And especially now, These papers may have been submitted. I, you know, right at the beginning of the pandemic, you just don’t, I mean, people, some people were extremely productive because they were sitting at home. Other people couldn’t do anything cuz they were sitting at home. So I, I don’t know that I’m as judgmental about that stuff and part of it is just, I know I accepted stuff.
I look back and why did I accept that? So if I do that with Aaron, I’m, I’m sure I’ve got plenty of my own that I’m like, I shouldn’t have accepted that.
Eric: All right. Maybe it, maybe it’s, you look at the table of contents of scholarship of teaching and learning and psychology and you go, oh man, I rejected that three times.
I can’t believe those guys over there accepted that.
Drew: Well, even there, no, because not everything that gets rejected is bad, so to speak. I mean, it could just be, it’s not complete enough. And so, publishing it somewhere, especially in this day and age where people can access stuff they’re interested in fairly.
it could lead to something better on down the road by those same authors or somebody else. So, no, I mean, I mean, I’ve never started a journal from scratch. You did? And so, yeah, I can imagine there were some situations in which you’re like, [00:54:00] ah, yeah, we need to publish something. So that’s gonna happen.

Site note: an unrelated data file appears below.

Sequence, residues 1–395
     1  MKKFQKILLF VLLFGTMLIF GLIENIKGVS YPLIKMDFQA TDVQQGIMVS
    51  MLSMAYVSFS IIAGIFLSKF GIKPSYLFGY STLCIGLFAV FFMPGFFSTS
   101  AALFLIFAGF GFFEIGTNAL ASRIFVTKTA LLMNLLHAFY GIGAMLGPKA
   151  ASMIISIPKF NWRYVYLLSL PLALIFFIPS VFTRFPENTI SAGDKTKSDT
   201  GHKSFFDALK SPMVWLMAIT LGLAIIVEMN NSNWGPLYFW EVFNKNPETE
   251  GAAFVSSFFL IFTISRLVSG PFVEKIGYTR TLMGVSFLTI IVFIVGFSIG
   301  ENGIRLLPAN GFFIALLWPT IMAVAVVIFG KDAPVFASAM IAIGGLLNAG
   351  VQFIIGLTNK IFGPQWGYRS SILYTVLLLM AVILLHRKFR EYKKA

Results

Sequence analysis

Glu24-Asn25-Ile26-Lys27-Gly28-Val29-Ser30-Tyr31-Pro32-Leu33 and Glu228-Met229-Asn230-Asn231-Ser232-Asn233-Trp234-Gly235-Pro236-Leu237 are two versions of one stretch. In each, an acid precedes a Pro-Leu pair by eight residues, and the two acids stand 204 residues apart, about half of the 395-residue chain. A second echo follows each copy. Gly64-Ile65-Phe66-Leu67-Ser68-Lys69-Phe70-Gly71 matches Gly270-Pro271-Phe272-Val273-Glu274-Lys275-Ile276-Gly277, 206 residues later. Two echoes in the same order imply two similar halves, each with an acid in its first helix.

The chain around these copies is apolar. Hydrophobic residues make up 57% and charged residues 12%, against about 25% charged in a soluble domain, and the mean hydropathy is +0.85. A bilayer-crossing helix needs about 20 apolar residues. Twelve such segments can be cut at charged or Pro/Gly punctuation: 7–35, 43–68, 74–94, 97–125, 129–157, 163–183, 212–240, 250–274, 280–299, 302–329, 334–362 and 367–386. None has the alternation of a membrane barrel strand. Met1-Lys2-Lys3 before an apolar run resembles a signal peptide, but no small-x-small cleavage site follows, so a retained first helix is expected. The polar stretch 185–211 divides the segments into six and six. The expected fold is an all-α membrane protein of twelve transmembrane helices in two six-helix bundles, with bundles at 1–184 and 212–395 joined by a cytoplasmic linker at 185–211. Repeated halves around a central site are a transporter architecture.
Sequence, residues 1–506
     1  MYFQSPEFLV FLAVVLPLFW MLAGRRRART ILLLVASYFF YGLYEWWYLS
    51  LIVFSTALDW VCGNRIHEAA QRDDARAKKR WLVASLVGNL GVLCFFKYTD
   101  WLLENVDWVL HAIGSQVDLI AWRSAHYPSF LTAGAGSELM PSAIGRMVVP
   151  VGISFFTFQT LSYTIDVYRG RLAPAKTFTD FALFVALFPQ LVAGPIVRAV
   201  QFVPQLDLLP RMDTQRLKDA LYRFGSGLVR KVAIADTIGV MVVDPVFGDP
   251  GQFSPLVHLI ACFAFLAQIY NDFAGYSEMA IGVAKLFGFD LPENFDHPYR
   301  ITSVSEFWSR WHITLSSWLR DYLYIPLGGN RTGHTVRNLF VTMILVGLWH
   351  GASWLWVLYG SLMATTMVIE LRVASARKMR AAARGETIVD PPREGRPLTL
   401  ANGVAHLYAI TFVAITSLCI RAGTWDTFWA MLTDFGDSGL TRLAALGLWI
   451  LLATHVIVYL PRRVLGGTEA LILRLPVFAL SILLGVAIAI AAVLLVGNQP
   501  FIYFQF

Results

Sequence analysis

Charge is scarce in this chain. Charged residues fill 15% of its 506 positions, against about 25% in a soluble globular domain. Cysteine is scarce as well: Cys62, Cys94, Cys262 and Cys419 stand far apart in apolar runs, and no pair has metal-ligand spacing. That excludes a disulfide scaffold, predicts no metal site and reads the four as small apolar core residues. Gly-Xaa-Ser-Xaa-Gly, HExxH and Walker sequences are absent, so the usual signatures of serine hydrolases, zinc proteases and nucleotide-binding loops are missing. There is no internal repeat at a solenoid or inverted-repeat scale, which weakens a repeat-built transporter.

Eric: Drew Christopher, you’re a scholar and a gentleman.
I gave you the chance to dish the dirt and you, you rejected it. Good for you.
Drew: Well, I. Yeah, I mean I, I’ve, there’s, I just know the system so to speak. Yes, you do. Like editing is, I mean, I can do that and it’s terrible. It really is like, I’m like, cuz some papers for students, I’m like, okay, just great on the ideas.
Don’t mark it. I will sit here like this with my hands literally about as tied together as I can get them turning. You see how they’re turning white knuckle? Yes. Trying not to pick up the pen and just comment on the big picture, cuz that’s what I like to do. Um, and again, there’s a human factor involved here too.
You just dunno what’s going on in people’s lives. And so who knows what that paper had to go through, what they could have done had they had the opportunity, but because of something at home or something at work. And we’ve all had that over the past two and a half years. So I’m trying to be generous. I admit my generosity might be running low at times, but [00:55:00] you’re a good man.
Drew Christopher, we try to do what we.
Eric: You’re good man. Thanks for sitting down with me this morning. This has been great. Yeah, thank you. I really appreciate your time. Thank you much. Always a pleasure
Drew: talking with you.